>> > cbind(coef(x6.lrm), coef(x6.lrm.pen),
>> abs(coef(x6.lrm)-coef(x6.lrm.pen)))
>> [,1] [,2] [,3]
>> Intercept -5.53281808 -4.72464766 0.808170417
>> stenosis -0.01496757 -0.01050797 0.004459599
>> x1 3.04248257 2.36051833 0.681964238
>> x2 -0.75335619 -0.53854750 0.214808685
>> procedure 1.20847252 0.92474708 0.283725441
>> ClinicalScore 0.37623189 0.30457557 0.071656322
>>
>> [Question 3]
>> Is this penalized model the one I should present for my colleagues?
>> I still have EPV problem. Or is EPV problem O.K. if I use penalization?
>>
>> I am still wondering about what I can do to avoid EPV problem.
>> Collecting new data would be a long-time and huge work...
>>
>>
>> (11/04/22 1:46), khosoda at med.kobe-u.ac.jp wrote:
>>> Thank you for your comment.
>>> I forgot to mention that varclus and pvclust showed similar results for
>>> my data.
>>>
>>> BTW, I did not realize rms is a replacement for the Design package.
>>> I appreciate your suggestion.
>>> --
>>> KH
>>>
>>> (11/04/21 8:00), Frank Harrell wrote:
>>>> I think it's OK. You can also use the Hmisc package's varclus function.
>>>> Frank
>>>>
>>>>
>>>> 細田弘吉 wrote:
>>>>>
>>>>> Dear Prof. Harrel,
>>>>>
>>>>> Thank you very much for your quick advice.
>>>>> I will try rms package.
>>>>>
>>>>> Regarding model reduction, is my model 2 method (clustering and
>>>>> recoding
>>>>> that are blinded to the outcome) permissible?
>>>>>
>>>>> Sincerely,
>>>>>
>>>>> --
>>>>> KH
>>>>>
>>>>> (11/04/20 22:01), Frank Harrell wrote:
>>>>>> Deleting variables is a bad idea unless you make that a formal part of
>>>>>> the
>>>>>> BMA so that the attempt to delete variables is penalized for.
>>>>>> Instead of
>>>>>> BMA I recommend simple penalized maximum likelihood estimation (see
>>>>>> the
>>>>>> lrm
>>>>>> function in the rms package) or pre-modeling data reduction that is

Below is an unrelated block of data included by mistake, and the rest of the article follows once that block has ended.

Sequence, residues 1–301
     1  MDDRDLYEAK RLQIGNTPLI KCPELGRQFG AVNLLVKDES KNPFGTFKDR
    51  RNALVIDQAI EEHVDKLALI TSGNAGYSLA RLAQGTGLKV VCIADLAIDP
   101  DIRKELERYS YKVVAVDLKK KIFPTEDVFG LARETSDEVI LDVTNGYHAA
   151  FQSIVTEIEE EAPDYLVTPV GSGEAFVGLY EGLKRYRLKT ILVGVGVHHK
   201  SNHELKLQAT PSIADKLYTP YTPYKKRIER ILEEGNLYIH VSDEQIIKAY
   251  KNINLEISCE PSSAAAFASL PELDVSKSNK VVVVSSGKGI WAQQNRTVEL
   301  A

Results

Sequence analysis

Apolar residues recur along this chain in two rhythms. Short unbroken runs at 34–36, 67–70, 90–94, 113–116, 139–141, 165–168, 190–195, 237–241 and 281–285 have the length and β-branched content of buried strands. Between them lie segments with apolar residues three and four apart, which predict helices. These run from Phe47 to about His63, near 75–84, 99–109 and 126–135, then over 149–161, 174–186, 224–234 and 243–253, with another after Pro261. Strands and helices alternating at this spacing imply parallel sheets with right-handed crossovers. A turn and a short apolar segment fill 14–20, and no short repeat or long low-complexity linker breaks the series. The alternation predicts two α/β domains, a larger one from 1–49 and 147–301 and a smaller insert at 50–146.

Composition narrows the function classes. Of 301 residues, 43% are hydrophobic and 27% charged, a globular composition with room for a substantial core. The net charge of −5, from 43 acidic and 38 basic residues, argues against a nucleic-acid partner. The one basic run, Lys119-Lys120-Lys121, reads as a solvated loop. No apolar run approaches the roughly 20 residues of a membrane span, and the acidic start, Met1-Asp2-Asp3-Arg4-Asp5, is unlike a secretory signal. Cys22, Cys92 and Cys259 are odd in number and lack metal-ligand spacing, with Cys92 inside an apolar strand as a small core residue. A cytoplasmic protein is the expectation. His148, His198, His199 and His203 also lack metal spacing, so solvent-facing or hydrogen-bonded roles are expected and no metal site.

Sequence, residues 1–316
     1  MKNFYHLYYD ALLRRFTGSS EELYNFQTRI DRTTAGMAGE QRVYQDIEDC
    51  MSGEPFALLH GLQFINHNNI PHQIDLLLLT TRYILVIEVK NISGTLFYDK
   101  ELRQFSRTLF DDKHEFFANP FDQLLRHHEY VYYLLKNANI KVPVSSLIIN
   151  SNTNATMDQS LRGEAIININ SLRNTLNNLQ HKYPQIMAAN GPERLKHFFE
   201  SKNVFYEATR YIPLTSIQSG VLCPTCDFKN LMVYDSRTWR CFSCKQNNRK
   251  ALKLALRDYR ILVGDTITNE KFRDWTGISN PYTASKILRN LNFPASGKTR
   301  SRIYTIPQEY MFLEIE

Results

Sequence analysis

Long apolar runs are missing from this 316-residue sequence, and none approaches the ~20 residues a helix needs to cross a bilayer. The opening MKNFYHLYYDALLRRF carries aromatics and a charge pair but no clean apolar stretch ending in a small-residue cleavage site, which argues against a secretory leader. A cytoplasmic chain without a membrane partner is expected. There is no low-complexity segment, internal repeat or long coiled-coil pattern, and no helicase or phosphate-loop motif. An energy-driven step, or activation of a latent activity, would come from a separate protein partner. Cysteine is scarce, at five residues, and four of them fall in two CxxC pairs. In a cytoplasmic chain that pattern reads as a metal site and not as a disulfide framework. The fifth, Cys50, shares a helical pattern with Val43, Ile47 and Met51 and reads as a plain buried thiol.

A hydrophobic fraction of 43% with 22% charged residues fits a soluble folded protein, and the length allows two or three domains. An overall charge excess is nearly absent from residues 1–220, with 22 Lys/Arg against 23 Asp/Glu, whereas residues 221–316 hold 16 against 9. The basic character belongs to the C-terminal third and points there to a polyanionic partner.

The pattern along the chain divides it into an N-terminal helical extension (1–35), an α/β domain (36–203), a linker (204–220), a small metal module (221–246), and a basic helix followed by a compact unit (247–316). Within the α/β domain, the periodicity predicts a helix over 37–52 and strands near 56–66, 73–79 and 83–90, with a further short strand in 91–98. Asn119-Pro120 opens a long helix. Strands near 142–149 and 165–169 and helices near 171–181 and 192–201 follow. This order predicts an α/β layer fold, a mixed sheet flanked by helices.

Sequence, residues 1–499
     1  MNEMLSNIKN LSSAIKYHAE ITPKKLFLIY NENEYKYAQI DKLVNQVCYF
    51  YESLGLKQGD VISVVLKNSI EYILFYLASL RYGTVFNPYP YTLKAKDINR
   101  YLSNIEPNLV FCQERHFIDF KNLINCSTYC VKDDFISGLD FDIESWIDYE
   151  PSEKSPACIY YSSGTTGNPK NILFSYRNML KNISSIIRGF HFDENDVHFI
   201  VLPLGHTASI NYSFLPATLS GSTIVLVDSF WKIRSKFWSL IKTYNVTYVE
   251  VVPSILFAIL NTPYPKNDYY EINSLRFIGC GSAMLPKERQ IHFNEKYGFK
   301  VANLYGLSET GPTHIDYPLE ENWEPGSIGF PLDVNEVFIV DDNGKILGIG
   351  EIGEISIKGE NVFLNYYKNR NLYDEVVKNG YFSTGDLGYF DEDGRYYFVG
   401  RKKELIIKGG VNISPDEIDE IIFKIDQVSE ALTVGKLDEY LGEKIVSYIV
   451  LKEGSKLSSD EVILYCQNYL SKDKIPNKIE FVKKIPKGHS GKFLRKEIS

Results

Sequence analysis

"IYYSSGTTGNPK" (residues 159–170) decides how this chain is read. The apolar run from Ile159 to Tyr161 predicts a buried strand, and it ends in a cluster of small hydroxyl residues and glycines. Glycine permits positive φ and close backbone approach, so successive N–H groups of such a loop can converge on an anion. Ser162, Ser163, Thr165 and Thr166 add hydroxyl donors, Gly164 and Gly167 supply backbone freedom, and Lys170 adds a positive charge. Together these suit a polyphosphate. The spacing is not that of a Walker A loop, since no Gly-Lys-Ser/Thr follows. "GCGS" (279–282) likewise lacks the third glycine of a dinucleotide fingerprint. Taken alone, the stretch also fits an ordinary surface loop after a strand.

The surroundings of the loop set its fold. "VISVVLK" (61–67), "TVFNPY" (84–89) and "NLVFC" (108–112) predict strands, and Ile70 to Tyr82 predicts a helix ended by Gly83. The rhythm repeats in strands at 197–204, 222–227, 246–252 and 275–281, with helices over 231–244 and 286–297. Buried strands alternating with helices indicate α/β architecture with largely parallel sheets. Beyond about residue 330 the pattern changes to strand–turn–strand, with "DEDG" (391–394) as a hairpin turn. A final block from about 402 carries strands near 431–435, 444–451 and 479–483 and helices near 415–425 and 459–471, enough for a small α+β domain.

>>>>>> blinded
>>>>>> to the outcome variable.
>>>>>> Frank
>>>>>>
>>>>>>
>>>>>> 細田弘吉 wrote:
>>>>>>>
>>>>>>> Hi everybody,
>>>>>>> I apologize for long mail in advance.
>>>>>>>
>>>>>>> I have data of 104 patients, which consists of 15 explanatory
>>>>>>> variables
>>>>>>> and one binary outcome (poor/good). The outcome consists of 25 poor
>>>>>>> results and 79 good results. I tried to analyze the data with
>>>>>>> logistic
>>>>>>> regression. However, the 15 variables and 25 events means events per
>>>>>>> variable (EPV) is much less than 10 (rule of thumb). Therefore, I
>>>>>>> used R
>>>>>>> package, "BMA" to perform logistic regression with BMA to avoid this
>>>>>>> problem.
>>>>>>>
>>>>>>> model 1 (full model):
>>>>>>> x1, x2, x3, x4 are continuous variables and others are binary data.
>>>>>>>
>>>>>>>> x16.bic.glm<- bic.glm(outcome ~ ., data=x16.df,
>>>>>>> glm.family="binomial", OR20, strict=FALSE)
>>>>>>>> summary(x16.bic.glm)
>>>>>>> (The output below has been cut off at the right edge to save space)
>>>>>>>
>>>>>>> 62 models were selected
>>>>>>> Best 5 models (cumulative posterior probability = 0.3606 ):
>>>>>>>
>>>>>>> p!=0 EV SD model 1 model2
>>>>>>> Intercept 100 -5.1348545 1.652424 -4.4688 -5.15
>>>>>>> -5.1536
>>>>>>> age 3.3 0.0001634 0.007258 .
>>>>>>> sex 4.0
>>>>>>> .M -0.0243145 0.220314 .
>>>>>>> side 10.8
>>>>>>> .R 0.0811227 0.301233 .
>>>>>>> procedure 46.9 -0.5356894 0.685148 . -1.163
>>>>>>> symptom 3.8 -0.0099438 0.129690 . .
>>>>>>> stenosis 3.4 -0.0003343 0.005254 .
>>>>>>> x1 3.7 -0.0061451 0.144084 .
>>>>>>> x2 100.0 3.1707661 0.892034 3.2221 3.11
>>>>>>> x3 51.3 -0.4577885 0.551466 -0.9154 .
>>>>>>> HT 4.6
>>>>>>> .positive 0.0199299 0.161769 . .
>>>>>>> DM 3.3
>>>>>>> .positive -0.0019986 0.105910 . .
>>>>>>> IHD 3.5
>>>>>>> .positive 0.0077626 0.122593 . .
>>>>>>> smoking 9.1
>>>>>>> .positive 0.0611779 0.258402 . .
>>>>>>> hyperlipidemia 16.0
>>>>>>> .positive 0.1784293 0.512058 . .
>>>>>>> x4 8.2 0.0607398 0.267501 . .
>>>>>>>
>>>>>>>
>>>>>>> nVar 2 2
>>>>>>> 1 3 3
>>>>>>> BIC -376.9082
>>>>>>> -376.5588 -376.3094 -375.8468 -374.5582
>>>>>>> post prob 0.104
>>>>>>> 0.087 0.077 0.061 0.032
>>>>>>>
>>>>>>> [Question 1]
>>>>>>> Is it O.K to calculate odds ratio and its 95% confidence interval
>>>>>>> from
>>>>>>> "EV" (posterior distribution mean) and“SD”(posterior distribution
>>>>>>> standard deviation)?
>>>>>>> For example, 95%CI of EV of x2 can be calculated as;
>>>>>>>> exp(3.1707661)
>>>>>>> [1] 23.82573 -----> odds ratio
>>>>>>>> exp(3.1707661+1.96*0.892034)
>>>>>>> [1] 136.8866
>>>>>>>> exp(3.1707661-1.96*0.892034)
>>>>>>> [1] 4.146976